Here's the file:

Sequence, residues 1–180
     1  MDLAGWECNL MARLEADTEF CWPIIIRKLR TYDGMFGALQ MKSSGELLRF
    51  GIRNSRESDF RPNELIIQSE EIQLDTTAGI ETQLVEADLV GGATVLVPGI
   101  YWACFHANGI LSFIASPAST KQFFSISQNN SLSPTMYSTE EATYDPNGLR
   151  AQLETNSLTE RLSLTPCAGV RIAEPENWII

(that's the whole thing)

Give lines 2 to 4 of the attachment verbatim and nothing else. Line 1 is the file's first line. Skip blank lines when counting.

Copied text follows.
     1  MDLAGWECNL MARLEADTEF CWPIIIRKLR TYDGMFGALQ MKSSGELLRF
    51  GIRNSRESDF RPNELIIQSE EIQLDTTAGI ETQLVEADLV GGATVLVPGI
   101  YWACFHANGI LSFIASPAST KQFFSISQNN SLSPTMYSTE EATYDPNGLR